Saturday, July 03, 2010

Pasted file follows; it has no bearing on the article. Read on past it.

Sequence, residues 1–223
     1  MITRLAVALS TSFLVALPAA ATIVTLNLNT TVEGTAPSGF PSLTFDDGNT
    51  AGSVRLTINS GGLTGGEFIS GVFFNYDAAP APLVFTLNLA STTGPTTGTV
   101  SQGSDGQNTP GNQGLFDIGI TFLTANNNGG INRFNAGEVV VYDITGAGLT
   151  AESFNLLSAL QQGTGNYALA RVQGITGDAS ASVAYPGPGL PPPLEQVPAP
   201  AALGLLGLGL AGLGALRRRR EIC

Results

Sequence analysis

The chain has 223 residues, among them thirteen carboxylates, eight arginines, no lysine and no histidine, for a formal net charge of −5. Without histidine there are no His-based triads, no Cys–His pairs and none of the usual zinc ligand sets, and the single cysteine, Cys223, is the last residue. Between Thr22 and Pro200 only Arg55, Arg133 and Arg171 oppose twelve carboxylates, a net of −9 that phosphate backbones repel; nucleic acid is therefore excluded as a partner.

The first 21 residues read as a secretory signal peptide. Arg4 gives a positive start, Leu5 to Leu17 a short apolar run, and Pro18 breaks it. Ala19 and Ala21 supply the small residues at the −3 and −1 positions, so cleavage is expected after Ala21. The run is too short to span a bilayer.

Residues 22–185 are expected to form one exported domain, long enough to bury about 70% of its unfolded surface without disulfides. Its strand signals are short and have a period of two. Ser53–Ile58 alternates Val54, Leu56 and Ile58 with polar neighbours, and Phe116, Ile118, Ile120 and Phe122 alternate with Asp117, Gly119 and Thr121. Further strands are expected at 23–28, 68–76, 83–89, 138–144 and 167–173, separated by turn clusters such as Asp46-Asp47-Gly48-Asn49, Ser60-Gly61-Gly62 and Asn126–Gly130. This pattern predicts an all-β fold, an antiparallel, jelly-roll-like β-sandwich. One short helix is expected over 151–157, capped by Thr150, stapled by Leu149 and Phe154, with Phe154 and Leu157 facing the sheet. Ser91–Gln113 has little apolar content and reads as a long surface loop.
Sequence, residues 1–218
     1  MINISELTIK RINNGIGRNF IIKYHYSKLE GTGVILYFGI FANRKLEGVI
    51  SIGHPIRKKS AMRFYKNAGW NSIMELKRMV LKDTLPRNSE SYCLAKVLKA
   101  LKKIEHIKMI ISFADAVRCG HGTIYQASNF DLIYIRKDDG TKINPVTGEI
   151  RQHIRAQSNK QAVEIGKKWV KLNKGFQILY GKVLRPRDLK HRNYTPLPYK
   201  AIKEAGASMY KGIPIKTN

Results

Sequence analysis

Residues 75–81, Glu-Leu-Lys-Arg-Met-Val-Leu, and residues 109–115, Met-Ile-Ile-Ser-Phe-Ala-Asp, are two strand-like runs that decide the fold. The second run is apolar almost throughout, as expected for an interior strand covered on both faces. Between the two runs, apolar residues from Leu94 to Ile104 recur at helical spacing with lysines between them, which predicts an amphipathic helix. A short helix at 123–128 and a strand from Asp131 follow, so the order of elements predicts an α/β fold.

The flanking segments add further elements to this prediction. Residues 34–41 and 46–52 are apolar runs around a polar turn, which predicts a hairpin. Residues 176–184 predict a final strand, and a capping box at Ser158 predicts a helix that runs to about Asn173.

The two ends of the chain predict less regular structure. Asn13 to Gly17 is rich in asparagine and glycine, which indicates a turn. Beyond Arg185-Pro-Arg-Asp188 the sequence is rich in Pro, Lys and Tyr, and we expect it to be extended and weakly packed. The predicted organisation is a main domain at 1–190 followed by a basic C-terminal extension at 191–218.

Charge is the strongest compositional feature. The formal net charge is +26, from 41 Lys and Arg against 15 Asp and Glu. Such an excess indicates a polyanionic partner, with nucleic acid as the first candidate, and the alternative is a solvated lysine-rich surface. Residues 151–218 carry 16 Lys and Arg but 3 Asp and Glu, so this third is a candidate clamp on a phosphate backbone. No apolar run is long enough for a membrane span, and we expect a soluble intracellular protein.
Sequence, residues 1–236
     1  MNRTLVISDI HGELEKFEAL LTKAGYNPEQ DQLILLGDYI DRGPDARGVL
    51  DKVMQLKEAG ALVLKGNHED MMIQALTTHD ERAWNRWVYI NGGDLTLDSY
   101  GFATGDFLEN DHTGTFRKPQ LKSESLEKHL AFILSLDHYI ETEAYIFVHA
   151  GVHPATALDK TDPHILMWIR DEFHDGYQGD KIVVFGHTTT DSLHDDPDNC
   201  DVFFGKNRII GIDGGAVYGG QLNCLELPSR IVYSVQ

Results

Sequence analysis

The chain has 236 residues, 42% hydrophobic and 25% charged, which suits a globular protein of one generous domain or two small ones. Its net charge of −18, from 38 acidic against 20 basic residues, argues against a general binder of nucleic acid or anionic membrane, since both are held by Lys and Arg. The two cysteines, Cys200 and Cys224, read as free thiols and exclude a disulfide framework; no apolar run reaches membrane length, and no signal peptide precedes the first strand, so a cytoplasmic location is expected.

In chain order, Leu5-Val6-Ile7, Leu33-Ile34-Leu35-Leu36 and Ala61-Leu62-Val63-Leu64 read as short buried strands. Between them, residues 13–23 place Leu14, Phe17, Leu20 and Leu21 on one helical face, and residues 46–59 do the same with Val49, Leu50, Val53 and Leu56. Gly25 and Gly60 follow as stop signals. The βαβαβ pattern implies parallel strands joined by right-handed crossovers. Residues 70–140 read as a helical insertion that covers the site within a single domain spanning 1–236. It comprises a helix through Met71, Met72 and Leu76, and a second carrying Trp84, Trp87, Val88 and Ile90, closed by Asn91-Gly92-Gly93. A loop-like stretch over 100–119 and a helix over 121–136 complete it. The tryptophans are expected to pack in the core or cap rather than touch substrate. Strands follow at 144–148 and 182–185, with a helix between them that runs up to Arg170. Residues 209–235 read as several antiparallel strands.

* Independence Day, commonly known as July 4th or the Fourth of July, commemorates the Continental Congress’ adoption of the Declaration of Independence on July 4, 1776. The document, primarily written by Thomas Jefferson, served as a formal announcement that the 13 American colonies were no longer part of the British Empire and would henceforth be free and independent states. Regarded as the birthday of the United States of America, the day is typically celebrated with parades, fireworks, ceremonies, barbecues and family gatherings. * The major objection to being ruled by Britain was taxation without representation. The colonists had no say in the decisions of English Parliament. * In May, 1776, after nearly a year of trying to work our their differences with England, the colonies sent delegates to the Second Continental Congress. Finally, in June, admitting that their efforts were hopeless, a committee was formed to compose the formal Declaration of Independence. Headed by Thomas Jefferson, the committee also included John Adams, Benjamin Franklin, Philip Livingston and Roger Sherman. On June 28, 1776, Thomas Jefferson presented the first draft of the declaration to Congress. * Betsy Ross, according to legend, sewed the first American flag in May or June 1776, as commissioned by the Congressional Committee. * Independence Day was first celebrated in Philadelphia on July 8, 1776. * The Liberty Bell sounded from the tower of Independence Hall on July 8, 1776, summoning citizens to gather for the first public reading of the Declaration of Independence by Colonel John Nixon. * On June 14, 1777, the Continental Congress, looking to promote national pride and unity, adopted the national flag. "Resolved: that the flag of the United States be thirteen stripes, alternate red and white; that the union be thirteen stars, white in a blue field, representing a new constellation." * The first public Fourth of July event at the White House occurred in 1804. * The first Independence Day celebration west of the Mississippi occurred at Independence Creek and was celebrated by Lewis and Clark in 1805. * On June 24, 1826, Thomas Jefferson sent a letter to Roger C. Weightman, declining an invitation to come to Washington, D.C., to help celebrate the 50th anniversary of the Declaration of Independence. It was the last letter that Jefferson, who was gravely ill, ever wrote. * Both Thomas Jefferson and John Adams, died on Independence Day, July 4, 1826. * In 1941, Congress declared July 4 a federal legal holiday. * The 56 signers of the Declaration of Independence did not sign at the same time, nor did they sign on July 4, 1776. The official event occurred on August 2, 1776, when 50 men signed it. Later that year, five more signed separately and one added his name in a later year. Thomas McKean was the last to sign in January, 1777. * The origin of Uncle Sam probably began in 1812, when Samuel Wilson was a meat packer who provided meat to the US Army. The meat shipments were stamped with the initials, U.S. Someone joked that the initials stood for "Uncle Sam". This joke eventually led to the idea of Uncle Sam symbolizing the United States government.